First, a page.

A few weeks ago, I spent some time with AAS’s cookbook collection. As promised in my earlier post, I whipped up a batch of fish chowder from Mrs. Bliss’ Practical Cook Book (1851). The overwhelming consensus was, simply put, “not bad.” It wasn’t great. I certainly wouldn’t entertain with this recipe. However, it was entirely edible, and I may even go so far as to say I enjoyed it. I could definitely imagine folks from 1851 enjoying this chowder on a chilly winter evening. It was very hearty and packed a lot of flavor, especially considering the small amount of ingredients.
The simplicity of the recipe, from its pared down ingredients to its minimal cooking instructions, is what made the transition from 1851 to modern day possible. Not having to translate measurements or research old cooking methods certainly helped, but what really made the chowder palatable was the fact that, with five ingredients, how wrong can you really go?
While beneficial for us cooking their recipes over 150 years later, the lesser variety of ingredients available in 1851 had an impact cooks’ creativity. Flipping through Mrs. Bliss’ book, it was hard to find unique recipes – the chowder was actually one of the most unique I could find. The addition of turnips to a stew, for example, automatically created a new dish and required a new recipe. But they had to work with what they had, and came up with some unique combinations that we wouldn’t think of trying today. Take the chowder for example. I would have never thought to put clove in my chowder, and it actually proved to be the tastiest aspect of the dish.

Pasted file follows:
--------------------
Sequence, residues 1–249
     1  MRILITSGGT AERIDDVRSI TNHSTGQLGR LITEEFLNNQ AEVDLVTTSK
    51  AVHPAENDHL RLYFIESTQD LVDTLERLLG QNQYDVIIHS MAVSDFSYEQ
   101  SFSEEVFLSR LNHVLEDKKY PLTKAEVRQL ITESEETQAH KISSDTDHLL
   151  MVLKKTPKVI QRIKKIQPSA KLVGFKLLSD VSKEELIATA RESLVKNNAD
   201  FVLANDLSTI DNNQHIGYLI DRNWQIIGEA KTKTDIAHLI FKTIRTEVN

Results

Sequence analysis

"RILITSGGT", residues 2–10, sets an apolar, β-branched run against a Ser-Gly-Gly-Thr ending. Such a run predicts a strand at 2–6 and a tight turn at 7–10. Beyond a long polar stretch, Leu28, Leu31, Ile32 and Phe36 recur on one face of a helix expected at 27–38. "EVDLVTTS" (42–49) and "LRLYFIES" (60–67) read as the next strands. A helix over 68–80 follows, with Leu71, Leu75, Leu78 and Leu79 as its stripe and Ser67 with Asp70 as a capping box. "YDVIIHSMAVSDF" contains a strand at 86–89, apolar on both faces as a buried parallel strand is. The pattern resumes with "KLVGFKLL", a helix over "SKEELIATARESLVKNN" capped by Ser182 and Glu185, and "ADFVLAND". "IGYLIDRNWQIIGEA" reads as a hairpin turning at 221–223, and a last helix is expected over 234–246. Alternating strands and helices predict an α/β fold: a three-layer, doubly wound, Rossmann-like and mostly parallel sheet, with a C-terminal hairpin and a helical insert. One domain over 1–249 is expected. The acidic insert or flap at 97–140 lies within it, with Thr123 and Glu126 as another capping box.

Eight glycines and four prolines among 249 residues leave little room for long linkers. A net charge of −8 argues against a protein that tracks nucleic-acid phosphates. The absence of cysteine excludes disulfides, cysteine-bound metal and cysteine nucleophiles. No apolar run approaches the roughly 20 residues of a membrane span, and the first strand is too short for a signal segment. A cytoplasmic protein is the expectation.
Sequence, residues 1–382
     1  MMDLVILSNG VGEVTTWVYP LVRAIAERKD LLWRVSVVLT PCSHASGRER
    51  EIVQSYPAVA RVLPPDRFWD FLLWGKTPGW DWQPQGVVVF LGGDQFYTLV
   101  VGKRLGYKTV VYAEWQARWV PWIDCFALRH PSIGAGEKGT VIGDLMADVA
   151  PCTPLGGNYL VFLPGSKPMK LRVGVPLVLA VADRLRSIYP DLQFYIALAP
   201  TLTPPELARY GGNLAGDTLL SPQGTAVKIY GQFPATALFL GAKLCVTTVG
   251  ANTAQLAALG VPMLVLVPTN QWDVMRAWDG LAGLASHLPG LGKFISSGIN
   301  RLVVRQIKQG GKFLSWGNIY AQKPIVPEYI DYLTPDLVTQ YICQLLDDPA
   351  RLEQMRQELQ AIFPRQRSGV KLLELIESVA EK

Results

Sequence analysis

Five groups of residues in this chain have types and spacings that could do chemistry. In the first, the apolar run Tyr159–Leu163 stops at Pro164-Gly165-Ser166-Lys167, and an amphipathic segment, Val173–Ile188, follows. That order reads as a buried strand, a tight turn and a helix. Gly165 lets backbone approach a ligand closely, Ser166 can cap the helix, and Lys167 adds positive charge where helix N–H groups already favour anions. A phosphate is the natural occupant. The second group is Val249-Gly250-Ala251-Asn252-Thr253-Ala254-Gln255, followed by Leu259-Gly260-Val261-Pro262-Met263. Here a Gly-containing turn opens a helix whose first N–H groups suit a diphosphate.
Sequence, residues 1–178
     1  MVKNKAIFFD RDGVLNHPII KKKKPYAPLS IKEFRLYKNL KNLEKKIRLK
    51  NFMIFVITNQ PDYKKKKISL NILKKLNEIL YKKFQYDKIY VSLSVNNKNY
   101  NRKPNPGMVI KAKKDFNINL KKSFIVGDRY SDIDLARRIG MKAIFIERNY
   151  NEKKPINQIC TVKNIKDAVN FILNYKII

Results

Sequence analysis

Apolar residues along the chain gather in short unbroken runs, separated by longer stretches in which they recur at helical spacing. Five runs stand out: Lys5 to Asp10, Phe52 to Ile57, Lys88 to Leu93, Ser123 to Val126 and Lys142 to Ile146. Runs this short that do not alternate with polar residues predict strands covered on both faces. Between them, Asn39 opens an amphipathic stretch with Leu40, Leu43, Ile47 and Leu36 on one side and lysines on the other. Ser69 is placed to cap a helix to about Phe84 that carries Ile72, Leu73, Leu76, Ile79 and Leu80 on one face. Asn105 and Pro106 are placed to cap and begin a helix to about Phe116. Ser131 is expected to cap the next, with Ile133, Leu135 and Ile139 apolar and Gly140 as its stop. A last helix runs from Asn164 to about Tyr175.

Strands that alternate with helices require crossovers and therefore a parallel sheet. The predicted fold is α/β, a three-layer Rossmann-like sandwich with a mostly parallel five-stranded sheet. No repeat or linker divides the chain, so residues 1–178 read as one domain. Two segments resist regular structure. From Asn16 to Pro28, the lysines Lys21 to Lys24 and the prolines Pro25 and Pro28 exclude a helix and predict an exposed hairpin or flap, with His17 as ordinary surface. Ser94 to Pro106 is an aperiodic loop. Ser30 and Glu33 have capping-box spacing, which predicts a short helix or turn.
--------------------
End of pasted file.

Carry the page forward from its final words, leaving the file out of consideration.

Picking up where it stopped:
Not surprisingly, the crackers did prove to be the most interesting component of the recipe. While the mushy crackers did an excellent job of thickening the chowder, they also gave it a very slimy consistency. It was certainly not the rich, creamy chowder we’re all use to. And of course, not using cream or flour as the thickening agent meant the chowder was not creamy white, but more chunky brown.
I’m now on the hunt for a new recipe, so if anyone wants to see a recipe of a specific kind of dish, or from a particular era, let me know!